Russia on Thursday called for calm in Sudan and expressed hope that close bilateral ties would not be threatened, irrespective of who was in power.
Huge crowds of Sudanese demanding the ouster of President Omar al-Bashir massed in the centre of Khartoum as the army promised an "important announcement" after months of protests.
"We are monitoring this situation very carefully," Russian President Vladimir Putin's spokesman Dmitry Peskov told reporters.
"And we are hoping that first and foremost there won't be an escalation that could claim human lives," he said, calling the protests an "internal affair".
"We expect that whatever the outcome, Russian-Sudanese relations" will be a priority for Khartoum, Peskov said.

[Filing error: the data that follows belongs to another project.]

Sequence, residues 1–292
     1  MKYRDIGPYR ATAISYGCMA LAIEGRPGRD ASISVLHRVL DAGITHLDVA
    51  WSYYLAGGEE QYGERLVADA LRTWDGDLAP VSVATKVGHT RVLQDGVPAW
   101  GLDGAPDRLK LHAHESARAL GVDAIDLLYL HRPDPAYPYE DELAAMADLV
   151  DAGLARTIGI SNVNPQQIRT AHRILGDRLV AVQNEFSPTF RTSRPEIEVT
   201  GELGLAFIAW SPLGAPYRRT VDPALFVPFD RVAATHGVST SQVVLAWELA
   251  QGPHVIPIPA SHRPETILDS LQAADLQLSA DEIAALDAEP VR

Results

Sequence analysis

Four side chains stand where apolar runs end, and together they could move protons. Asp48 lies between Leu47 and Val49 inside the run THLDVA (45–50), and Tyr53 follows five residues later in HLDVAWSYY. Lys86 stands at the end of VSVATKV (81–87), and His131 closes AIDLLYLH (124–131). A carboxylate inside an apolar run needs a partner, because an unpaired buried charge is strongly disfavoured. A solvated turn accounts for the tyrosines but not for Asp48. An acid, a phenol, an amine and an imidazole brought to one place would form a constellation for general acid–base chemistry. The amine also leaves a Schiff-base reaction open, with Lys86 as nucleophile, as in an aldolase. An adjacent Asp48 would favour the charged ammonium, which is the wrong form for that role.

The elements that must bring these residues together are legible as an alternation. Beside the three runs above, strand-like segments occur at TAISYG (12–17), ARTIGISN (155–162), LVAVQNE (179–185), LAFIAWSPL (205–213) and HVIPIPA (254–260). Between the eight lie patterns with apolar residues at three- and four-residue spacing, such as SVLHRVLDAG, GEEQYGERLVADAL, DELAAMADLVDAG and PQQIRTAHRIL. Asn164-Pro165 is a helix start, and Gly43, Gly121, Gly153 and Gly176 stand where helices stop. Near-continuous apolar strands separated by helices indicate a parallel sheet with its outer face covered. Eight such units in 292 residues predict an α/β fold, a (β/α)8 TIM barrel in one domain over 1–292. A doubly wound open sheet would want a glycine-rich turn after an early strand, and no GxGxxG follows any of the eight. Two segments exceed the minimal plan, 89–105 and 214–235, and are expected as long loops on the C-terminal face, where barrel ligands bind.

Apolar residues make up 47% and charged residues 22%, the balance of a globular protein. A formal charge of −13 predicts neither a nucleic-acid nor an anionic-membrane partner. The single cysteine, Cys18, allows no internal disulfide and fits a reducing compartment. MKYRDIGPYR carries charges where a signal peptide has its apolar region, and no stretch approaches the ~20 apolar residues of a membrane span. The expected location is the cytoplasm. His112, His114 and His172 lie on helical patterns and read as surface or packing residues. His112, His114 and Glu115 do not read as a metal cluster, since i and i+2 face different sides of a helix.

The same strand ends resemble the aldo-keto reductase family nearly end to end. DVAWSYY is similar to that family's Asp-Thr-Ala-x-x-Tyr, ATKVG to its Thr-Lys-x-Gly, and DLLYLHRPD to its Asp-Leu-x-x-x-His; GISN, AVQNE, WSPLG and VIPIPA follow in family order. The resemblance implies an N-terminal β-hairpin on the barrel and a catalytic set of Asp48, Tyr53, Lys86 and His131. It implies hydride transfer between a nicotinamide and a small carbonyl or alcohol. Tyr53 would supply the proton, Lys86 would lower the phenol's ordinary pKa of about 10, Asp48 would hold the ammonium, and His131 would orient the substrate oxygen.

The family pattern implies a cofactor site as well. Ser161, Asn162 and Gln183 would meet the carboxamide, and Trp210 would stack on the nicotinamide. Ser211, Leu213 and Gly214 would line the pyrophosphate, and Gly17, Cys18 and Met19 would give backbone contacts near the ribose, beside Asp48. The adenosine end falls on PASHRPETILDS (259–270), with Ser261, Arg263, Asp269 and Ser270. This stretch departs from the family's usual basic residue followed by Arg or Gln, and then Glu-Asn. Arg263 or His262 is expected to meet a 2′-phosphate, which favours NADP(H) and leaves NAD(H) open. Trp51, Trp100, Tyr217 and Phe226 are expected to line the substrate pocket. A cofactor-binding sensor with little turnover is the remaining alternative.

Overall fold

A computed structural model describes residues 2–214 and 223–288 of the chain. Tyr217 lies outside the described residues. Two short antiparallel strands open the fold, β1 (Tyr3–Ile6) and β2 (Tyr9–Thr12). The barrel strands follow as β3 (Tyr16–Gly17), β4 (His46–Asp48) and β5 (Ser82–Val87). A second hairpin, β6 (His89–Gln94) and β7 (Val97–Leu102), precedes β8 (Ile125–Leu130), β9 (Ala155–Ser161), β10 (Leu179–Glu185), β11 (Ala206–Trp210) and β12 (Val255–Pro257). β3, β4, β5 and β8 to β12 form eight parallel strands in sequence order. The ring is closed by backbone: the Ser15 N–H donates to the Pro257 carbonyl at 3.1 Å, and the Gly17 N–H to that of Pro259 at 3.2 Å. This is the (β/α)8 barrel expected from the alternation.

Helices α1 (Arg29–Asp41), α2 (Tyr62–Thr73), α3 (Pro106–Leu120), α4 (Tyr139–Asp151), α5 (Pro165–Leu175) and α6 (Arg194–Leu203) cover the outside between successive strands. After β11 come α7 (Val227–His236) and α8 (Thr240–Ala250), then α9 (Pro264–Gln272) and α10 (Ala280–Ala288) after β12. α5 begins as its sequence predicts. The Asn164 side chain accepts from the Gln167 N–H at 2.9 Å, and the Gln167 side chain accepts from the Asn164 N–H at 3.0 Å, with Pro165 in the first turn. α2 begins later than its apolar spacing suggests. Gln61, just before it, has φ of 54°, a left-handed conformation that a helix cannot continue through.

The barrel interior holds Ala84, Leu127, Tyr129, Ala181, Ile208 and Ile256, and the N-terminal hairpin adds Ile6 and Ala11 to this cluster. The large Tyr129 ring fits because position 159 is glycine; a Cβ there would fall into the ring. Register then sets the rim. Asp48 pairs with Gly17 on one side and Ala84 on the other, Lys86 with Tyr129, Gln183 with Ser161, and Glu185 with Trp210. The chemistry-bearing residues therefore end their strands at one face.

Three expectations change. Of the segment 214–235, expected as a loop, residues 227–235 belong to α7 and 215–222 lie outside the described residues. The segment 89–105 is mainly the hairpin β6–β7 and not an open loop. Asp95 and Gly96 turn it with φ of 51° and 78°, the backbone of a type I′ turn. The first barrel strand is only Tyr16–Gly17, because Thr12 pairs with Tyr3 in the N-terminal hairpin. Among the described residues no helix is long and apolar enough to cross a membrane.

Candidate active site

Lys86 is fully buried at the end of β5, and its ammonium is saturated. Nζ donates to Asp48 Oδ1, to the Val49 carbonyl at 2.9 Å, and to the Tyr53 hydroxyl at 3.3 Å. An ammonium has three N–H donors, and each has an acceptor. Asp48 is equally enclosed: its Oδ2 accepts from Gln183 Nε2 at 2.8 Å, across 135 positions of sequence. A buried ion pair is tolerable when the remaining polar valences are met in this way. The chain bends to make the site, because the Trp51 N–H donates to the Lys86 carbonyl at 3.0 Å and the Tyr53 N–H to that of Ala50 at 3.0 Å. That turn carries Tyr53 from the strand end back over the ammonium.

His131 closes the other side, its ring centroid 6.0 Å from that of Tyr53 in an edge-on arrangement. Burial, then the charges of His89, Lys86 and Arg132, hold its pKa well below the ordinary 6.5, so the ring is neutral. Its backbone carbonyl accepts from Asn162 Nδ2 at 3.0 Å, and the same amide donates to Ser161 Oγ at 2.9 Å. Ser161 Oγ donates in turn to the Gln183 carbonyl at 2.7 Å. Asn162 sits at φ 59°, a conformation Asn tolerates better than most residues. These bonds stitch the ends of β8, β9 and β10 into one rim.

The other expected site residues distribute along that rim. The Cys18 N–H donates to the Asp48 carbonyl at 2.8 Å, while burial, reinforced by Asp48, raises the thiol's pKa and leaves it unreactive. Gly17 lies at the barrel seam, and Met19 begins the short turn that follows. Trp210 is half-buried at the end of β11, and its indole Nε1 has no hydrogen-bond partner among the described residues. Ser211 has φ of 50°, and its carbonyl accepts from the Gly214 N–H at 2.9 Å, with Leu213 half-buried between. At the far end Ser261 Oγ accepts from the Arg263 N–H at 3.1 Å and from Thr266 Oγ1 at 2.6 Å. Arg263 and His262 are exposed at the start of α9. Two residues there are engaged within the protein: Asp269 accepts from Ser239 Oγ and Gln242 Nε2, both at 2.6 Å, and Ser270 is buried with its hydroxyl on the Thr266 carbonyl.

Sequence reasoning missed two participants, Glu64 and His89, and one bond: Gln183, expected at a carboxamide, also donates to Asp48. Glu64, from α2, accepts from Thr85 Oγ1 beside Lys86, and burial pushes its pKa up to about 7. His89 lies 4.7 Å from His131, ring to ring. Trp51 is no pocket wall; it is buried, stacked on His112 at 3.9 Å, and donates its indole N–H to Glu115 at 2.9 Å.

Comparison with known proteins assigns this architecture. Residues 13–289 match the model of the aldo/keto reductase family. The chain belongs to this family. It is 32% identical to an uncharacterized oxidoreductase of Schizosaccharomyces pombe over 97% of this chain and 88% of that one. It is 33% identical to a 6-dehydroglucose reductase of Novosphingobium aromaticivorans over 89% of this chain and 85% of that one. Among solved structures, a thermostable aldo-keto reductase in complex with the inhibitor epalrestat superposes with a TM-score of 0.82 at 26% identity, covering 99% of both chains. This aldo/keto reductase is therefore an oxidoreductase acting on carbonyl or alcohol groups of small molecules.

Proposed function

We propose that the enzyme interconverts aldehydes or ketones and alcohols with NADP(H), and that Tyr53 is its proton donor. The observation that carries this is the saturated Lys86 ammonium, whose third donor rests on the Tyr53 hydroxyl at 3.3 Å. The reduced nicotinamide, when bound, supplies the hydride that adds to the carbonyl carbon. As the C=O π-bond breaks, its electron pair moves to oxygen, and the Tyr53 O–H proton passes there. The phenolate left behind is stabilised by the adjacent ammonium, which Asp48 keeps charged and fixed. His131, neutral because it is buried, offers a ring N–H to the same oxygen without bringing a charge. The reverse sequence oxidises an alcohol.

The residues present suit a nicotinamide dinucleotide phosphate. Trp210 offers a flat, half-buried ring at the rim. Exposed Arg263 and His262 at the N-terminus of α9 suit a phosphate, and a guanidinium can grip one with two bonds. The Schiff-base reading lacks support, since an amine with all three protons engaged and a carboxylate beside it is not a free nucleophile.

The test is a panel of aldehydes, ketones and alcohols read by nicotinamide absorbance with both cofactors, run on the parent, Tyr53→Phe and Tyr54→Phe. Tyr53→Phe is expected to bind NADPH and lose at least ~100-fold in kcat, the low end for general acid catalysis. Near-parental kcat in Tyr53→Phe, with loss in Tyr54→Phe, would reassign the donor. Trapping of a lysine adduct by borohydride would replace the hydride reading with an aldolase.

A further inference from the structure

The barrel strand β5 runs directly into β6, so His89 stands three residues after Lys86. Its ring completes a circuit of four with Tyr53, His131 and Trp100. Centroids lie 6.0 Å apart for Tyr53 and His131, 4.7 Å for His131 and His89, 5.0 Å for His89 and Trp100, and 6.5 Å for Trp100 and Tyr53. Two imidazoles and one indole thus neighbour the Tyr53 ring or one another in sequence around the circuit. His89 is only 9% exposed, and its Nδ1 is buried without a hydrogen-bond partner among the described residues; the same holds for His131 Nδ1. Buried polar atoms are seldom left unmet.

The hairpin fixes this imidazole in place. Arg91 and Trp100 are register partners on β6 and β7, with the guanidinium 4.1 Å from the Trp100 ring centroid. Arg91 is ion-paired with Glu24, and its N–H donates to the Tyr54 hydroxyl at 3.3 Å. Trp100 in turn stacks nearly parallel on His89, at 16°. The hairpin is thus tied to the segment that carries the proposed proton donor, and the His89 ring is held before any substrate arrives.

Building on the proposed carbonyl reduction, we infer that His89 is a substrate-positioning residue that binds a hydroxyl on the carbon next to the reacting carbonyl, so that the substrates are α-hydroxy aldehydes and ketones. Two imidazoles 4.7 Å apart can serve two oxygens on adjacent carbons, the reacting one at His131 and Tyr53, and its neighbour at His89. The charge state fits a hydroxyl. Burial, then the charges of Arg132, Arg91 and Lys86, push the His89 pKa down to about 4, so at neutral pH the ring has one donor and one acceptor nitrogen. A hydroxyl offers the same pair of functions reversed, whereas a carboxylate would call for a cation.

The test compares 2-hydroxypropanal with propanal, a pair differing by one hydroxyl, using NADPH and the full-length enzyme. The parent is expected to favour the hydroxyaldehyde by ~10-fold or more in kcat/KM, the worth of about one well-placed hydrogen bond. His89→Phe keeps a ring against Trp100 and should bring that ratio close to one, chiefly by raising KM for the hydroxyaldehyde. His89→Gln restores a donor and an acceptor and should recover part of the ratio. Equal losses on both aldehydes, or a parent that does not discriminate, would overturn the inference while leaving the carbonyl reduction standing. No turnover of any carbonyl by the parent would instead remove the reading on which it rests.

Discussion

Russia has been trying to expand its footprint in Africa and said in January that it had sent "instructors" to Sudan, following reports of sightings of Russian-speaking soldiers in Khartoum.
Putin met Bashir last July in Moscow where the Sudanese leader said Russia was playing an important role in "preparing Sudanese military personnel".
The protests, which erupted in December over the government's tripling of the price of bread, have become the biggest challenge to Bashir's iron-fisted rule spanning three decades.
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